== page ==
St. Louis Hills is rich in its architecture, strategic location, and its history. “Country living in the City” was the phrase used to market St. Louis Hills in the 1930’s, since St. Louis Hills was so far west of any other residential or commercial buildings located within the City limits.
Some 80 years later, the rich history and tradition of St. Louis Hills lives on, and the St. Louis Hills Neighborhood Association is formally trying to improve its historical focus on what is considered by many to be the most desirable neighborhood in the City of St. Louis.
St. Louis Hills History
The history of St. Louis Hills, developed from 1930-1950’s, is relatively short by the city’s beginnings in 1763. The land which became St. Louis Hills dates back to deeds granted to pioneer French colonists Madame Ann Camp and Anton Reihle in 1768 by one founder of the Village of St. Louis, Pierre Laclede. At the time, the land included 2,471 acres. Camp and Reihl’s heirs sold the land to George C. Clarke, who gave it to two sons. When the Village was chartered as the City of St. Louis in 1836, St. Louis Hills was still remote, open and forested land, and essentially remained so until the early 1930’s. In 1876, when the county and city of St. Louis divided responsibilities, the western boundary of St. Louis City was set just west of the River des Peres (River of the Fathers). Even then, what is now St. Louis Hills, was still open land.
David Rowland Francis, Governor of the state from 1889-1893, became owner of part of the property in 1884 on which he established his vast farm. At the turn of the century, David R. Francis was President of the Louisiana Purchase Exposition from 1889 until its opening in 1904. Francis originally considered use of his farmland as a site for the World’s Fair, but logistics of transportation and construction to Francis’ land persuaded use of Forest Park as the now famous 1904 World’s Fair site. Francis was appointed U.S. Ambassador to Russia in 1916. The next year, Francis made a gift of the land to the city, and so it was named Francis Park. David Rowland Francis died January 15, 1927.
Cyrus Crane Willmore, for whom the neighborhood’s second park is named, became the visionary developer of the St. Louis Hills 700 acre neighborhood. He came to St. Louis in 1912 after graduation from the University of Illinois law school, and worked for a realty firm until 1922 when he formed his own company. Willmore’s intentions for the area were clear from the beginning: tree lined residential streets for families and single persons, churches and schools throughout, bordered on three sides by developing businesses, and open green spaces in parks. (See Architecture and Parks for more information.)
Names of streets within the neighborhood, as well as early development architecture, reflect Willmore’s English heritage—Nottingham Avenue, Devonshire Avenue, Tamm Avenue to name a few. Eichelberger Street, a main east-west roadway through the center of St. Louis Hills, was originally named Clarke Road for George C. Clarke. Mature trees lining streets throughout the area are predominantly oak, maple, poplar, with birch trees along Francis Park.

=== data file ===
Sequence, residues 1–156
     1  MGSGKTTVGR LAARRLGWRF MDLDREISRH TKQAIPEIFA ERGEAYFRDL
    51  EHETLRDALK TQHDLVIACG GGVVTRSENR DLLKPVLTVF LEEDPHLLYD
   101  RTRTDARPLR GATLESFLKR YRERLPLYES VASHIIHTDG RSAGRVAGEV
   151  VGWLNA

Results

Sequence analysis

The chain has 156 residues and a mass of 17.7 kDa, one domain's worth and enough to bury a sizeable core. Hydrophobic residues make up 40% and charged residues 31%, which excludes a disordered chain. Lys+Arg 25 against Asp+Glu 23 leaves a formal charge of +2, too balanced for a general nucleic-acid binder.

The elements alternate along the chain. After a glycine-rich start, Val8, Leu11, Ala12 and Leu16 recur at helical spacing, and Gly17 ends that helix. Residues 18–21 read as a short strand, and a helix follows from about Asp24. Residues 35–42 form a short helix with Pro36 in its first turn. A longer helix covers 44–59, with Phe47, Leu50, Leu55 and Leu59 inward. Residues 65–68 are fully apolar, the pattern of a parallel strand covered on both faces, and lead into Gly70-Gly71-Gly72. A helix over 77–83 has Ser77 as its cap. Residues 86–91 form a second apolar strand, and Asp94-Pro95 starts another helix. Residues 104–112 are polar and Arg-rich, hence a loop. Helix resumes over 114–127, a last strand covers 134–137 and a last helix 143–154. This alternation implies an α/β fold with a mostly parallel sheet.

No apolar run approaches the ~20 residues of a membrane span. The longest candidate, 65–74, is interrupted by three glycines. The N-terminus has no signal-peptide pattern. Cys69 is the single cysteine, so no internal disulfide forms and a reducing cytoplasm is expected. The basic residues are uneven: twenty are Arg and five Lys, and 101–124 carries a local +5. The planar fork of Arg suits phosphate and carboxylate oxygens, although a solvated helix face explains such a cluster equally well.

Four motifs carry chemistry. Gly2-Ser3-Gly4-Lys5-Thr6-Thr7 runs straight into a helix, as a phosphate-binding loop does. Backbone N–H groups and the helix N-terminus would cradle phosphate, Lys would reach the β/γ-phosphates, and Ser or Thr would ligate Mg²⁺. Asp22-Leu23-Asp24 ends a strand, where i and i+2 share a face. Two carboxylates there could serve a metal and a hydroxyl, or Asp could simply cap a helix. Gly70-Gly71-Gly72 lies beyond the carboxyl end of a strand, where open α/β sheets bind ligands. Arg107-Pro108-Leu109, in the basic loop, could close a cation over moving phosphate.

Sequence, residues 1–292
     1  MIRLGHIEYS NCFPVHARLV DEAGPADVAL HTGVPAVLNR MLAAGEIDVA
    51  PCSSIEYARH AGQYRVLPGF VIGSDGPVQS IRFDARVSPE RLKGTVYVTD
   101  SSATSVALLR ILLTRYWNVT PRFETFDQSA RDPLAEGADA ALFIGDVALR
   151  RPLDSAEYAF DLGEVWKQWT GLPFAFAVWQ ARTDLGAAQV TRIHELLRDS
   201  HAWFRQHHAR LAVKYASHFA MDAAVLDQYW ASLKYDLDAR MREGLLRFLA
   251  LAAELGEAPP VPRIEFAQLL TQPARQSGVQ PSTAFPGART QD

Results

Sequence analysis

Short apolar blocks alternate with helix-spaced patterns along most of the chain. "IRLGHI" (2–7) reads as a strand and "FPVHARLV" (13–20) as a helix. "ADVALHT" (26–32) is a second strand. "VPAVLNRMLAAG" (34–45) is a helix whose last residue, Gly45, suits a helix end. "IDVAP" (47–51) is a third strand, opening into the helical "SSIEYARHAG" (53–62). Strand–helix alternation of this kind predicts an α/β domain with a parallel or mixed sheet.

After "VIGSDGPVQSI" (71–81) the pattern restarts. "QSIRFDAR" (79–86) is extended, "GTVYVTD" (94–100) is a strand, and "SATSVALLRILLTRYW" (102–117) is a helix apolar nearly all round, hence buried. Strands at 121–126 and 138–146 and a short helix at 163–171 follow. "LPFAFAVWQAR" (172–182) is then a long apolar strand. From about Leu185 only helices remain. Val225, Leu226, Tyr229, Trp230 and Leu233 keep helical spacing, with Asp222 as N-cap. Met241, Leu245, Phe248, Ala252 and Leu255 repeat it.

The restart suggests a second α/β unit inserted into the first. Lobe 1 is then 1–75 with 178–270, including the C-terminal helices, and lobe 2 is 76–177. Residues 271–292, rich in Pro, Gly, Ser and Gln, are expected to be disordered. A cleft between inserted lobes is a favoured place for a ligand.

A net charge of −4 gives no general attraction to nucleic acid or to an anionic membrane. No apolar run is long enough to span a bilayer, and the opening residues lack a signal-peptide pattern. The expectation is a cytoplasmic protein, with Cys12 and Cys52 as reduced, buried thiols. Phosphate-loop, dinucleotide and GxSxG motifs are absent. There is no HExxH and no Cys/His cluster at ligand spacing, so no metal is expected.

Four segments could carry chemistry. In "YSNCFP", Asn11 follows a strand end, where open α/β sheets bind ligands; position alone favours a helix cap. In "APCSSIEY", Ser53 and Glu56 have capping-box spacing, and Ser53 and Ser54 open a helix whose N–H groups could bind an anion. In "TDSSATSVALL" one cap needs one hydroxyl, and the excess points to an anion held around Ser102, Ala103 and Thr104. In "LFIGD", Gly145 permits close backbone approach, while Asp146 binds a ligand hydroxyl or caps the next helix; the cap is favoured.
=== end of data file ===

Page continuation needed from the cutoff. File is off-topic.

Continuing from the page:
Historical Pictures – (We will post pictures and ads with captions from the SLH magazines that we have in our possession. These will be rotated periodically.)
Historical Publications (Originals) – The SLHNA History Committee is seeking contributions for the St. Louis Hills archives. Any historical publications or artifacts would be most welcomed, and would be under the ownership and control of the Association. All donors will be permanently recognized for their contributions.
Click here to see all donations and donors.
Historical Articles (Selected articles will be posted here in the near future)
Famous Residents (This section is still being developed)
The History Committee has started to interview residents (including companies) of St. Louis Hills.
This interview of Ted Drewes was done by Ron Elz (better known as Johnny Rabbitt), a long-time and famous resident of St. Louis Hills. The interview was conducted in early 2015.
The History Committee is open to suggestions for other notable current or past residents of St. Louis Hills to be interviewed. Please contact Rick Palank at email@example.com.
If you or someone you know has in their possession any Hills historical documents or artifacts, please contact Nancy Vordtriede at (314) 616-6468. Donors will be permanently acknowledged for their donations.
- Click here to view/purchase St. Louis Hills, a book written by Ann Zanaboni in 2008
- Click here to read The History of St. Louis Neighborhoods (27 Historical Neighborhoods) by Norbury L. Wagman
- Click here to read the St. Louis Hills Neighborhood Profile
- Click here to read about St. Marks Episcopal Church, a St. Louis City Landmark located in St. Louis Hills
The SLHNA History Committee is dedicated to preserving the rich history of St. Louis Hills. Any questions or comments from Hills’ residents and business owners are encouraged. The current members are:
- Mitch Hannekan
- Dave Kloud (firstname.lastname@example.org)
- Rick Palank (email@example.com)
- Nancy Vordtriede (firstname.lastname@example.org)
- Chris Murphey (email@example.com)
- Fred Niermann (firstname.lastname@example.org)
Questions, Comments, Additional Information
Please call or email any of the History Committee members listed above.
The Committee would like to recognize and thank the contributions of past members, especially Ginny Nester, Pat Messmer, and the Hanses Family.